Visiting Little Tokyo in LA: Come for the Ramen, Stay for the Culture
Author Joni Sweet travels to Los Angeles several times a year. She explored Little Tokyo for PlanetWare in the summer of 2023.
My visit to Little Tokyo started with a mission: to slurp the best vegetarian ramen in Los Angeles. The neighborhood definitely delivered on its promise of savory noodles every bit as delectable as those I had on a trip to Japan several years ago—but that was just the beginning of what made my visit worthwhile.
This iconic locale treated me to secret gardens, vibrant storefronts, profound museum exhibitions, and surprises around every corner. Here's what I discovered on a visit to LA's authentic Japanese enclave, Little Tokyo.
Exploring Japanese Village Plaza
My day in Little Tokyo started at the Japanese Village Plaza, the neighborhood's central gathering place. It feels unlike anywhere else I've visited in Los Angeles.
Garlands of red and white paper lanterns dangle over the pedestrian-only brick-paved pathways and emit a gentle radiance after dark. The buildings feature Japanese-inspired architectural elements, like decorative wood screens and ornamental ridges on the roofs.
You also can't miss the Yagura Tower, a replica of the traditional fire towers found in rural Japan, that stands at the First Street entrance to the plaza. Built in 1978 as part of an effort to revitalize the neighborhood, the bright red wooden structure is considered a symbol of Little Tokyo.
This plaza sets a vibe that you'll want to soak up for an hour or more. Grab a seat on one of the benches shaded by manicured ficus trees and watch as a mix of tourists, anime fans, and teens decked out in trendy Japanese clothes swirl about in the area.
But more than just a spot for people-watching, the Japanese Village Plaza offers an opportunity to feel a sense of closeness at the wishing tree outside of the Shabu-Shabu House.
Inspired by Japan's Tanabata festival, the tree is covered with paper strips that contain handwritten wishes from people who've come through the plaza. Reading the earnestly scribbled prayers for career advancements, the health of loved ones, long-lasting romances, and brighter futures brought tears to my eyes. You can buy paper strips from the nearby Blooming Art Gallery to draft your own wish and hang it from the tree, if you're longing for something in your life.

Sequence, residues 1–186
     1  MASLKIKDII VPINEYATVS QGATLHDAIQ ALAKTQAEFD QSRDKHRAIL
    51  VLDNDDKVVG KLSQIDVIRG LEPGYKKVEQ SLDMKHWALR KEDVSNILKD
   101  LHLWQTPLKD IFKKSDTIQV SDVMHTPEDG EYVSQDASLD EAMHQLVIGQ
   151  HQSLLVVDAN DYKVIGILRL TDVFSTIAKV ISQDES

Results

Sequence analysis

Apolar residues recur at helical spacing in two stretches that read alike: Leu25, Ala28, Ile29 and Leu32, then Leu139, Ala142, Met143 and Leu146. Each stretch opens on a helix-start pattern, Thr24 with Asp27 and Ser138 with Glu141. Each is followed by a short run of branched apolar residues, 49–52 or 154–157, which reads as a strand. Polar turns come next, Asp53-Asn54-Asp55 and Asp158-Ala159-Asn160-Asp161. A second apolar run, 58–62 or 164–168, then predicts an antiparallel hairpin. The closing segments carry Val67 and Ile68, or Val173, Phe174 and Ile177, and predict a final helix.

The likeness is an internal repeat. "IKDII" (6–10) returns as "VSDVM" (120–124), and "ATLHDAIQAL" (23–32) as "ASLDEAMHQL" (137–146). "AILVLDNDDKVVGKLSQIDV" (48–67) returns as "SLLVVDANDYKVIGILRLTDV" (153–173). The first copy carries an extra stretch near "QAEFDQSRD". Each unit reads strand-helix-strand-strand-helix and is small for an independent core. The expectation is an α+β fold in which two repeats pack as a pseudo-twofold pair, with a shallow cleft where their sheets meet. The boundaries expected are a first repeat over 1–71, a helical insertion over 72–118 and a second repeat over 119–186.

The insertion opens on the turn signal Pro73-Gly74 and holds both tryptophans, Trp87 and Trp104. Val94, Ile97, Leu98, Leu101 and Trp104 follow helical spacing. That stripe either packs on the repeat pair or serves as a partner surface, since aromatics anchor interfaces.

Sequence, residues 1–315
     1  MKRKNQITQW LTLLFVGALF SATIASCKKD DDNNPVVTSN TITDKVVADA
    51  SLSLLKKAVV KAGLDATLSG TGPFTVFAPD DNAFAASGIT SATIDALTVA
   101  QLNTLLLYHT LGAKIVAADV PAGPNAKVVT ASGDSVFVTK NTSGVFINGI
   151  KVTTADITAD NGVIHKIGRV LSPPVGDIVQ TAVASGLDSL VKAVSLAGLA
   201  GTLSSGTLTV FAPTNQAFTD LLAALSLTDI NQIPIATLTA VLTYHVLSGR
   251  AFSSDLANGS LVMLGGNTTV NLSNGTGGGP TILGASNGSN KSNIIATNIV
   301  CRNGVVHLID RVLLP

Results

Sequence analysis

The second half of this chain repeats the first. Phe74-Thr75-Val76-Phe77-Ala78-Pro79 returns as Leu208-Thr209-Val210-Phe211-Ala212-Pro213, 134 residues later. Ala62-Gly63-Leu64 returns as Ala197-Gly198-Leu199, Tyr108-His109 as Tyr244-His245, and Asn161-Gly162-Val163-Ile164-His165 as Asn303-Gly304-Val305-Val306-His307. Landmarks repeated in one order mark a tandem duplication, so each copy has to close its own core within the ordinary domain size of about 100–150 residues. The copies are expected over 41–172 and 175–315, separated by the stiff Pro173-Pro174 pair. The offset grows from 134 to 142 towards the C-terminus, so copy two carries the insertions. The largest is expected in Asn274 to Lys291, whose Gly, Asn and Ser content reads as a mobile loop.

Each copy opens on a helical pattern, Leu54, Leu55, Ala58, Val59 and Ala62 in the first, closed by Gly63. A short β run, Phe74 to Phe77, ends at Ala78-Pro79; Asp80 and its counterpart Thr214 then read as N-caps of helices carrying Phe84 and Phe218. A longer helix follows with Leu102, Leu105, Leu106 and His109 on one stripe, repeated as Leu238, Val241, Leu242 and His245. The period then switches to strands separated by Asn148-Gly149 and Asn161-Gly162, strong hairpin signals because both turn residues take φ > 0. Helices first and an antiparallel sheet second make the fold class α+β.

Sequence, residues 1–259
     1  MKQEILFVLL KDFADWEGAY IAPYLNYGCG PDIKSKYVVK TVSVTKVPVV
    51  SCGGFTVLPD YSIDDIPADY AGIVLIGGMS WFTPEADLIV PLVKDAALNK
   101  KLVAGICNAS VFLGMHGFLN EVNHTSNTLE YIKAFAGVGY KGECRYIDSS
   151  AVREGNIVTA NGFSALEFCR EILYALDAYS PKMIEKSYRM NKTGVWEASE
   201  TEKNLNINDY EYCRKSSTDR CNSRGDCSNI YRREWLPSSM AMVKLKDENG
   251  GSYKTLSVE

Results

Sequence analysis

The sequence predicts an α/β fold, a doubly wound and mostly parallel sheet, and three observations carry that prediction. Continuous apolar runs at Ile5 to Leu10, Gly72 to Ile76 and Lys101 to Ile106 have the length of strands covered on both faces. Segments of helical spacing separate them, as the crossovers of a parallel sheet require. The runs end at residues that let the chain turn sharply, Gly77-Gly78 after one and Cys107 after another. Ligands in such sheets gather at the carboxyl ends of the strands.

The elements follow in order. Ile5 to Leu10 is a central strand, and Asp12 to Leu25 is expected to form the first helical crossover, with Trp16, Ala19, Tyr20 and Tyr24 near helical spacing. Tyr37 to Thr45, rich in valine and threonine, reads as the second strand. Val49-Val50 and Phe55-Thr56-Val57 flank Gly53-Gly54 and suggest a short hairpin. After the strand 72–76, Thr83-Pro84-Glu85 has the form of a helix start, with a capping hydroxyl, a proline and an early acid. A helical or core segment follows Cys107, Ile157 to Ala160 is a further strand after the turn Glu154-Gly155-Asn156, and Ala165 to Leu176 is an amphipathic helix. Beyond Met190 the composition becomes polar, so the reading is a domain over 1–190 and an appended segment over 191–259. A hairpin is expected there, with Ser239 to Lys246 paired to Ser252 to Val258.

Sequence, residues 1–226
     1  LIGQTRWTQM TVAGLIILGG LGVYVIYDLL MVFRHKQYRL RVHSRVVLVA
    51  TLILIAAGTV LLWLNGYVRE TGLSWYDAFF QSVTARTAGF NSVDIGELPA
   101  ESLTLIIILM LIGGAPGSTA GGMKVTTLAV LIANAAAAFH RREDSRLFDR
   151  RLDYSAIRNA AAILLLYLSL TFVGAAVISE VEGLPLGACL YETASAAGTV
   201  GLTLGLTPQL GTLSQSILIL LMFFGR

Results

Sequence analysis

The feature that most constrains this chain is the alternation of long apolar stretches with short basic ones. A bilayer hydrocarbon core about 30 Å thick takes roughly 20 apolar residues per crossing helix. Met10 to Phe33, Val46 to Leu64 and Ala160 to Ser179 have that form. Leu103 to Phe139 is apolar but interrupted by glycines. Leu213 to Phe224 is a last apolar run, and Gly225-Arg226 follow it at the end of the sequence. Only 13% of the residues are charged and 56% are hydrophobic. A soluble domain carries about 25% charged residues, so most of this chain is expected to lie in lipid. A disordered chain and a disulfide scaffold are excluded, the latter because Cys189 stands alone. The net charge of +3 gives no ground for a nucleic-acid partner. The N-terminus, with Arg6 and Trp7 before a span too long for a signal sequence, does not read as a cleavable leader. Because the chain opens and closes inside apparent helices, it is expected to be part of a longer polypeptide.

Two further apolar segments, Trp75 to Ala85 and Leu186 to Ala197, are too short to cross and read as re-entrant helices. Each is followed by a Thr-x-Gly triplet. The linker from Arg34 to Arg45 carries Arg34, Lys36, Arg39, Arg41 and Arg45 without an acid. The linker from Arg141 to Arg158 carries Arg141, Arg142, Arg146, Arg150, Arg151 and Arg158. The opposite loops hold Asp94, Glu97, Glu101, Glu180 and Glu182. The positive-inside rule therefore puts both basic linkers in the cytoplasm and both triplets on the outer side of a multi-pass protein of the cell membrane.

Understanding a Complicated History
Eager to get a better understanding of the history and experience of Japanese-American communities like Little Tokyo, I made a beeline for the Japanese American National Museum. It was founded in 1992 by a group of Little Tokyo business owners and a band of Japanese Americans who fought in World War II.
There's a lot to see at this attraction, but the most moving part for me was learning more about the impact of anti-Japanese hysteria on these communities in the wake of the attack on Pearl Harbor.
It's one thing to learn about the discrimination and forced resettlement of Japanese Americans to remote internment camps in a history class. But hearing the stories of those affected by these policies and seeing historic artifacts, like vintage photos of interred families and Buddhist altars built out of discarded tin cans at the camps, humanized this history for me in a profound way. You can even walk inside a preserved structure used to house Japanese Americans in a concentration camp, relocated to the museum from Wyoming.
What will stick with me the longest are the artifacts in a temporary exhibit on the youth who came of age while interned. Displays of things created and used by kids in the concentration camps, like signed yearbooks, Boy Scout badges, hand-drawn comics, and dolls, showed how they maintained some semblance of a childhood amid heartbreaking circumstances.
Hidden Treasures Behind the Museum
If you have some extra time to spare, take a walk behind the Japanese American National Museum to see a few other noteworthy attractions, including the MOCA Geffen, one of the top attractions in Los Angeles.
You'll immediately come across the impressive Aoyama Tree, a century-old Moreton Bay Fig tree that stretches 60 feet wide and 70 feet tall. The historic cultural monument marks the previous site of one of the oldest and largest Buddhist temples in Los Angeles, the Koyasan Daishi Mission. You can also see the "Moon Beholders" mural by fourth-generation Japanese American artist Katie Yamasaki just next to the tree. The work depicts a smiling young girl wearing traditional clothing in symbolic patterns that represent key moments in Japanese American history.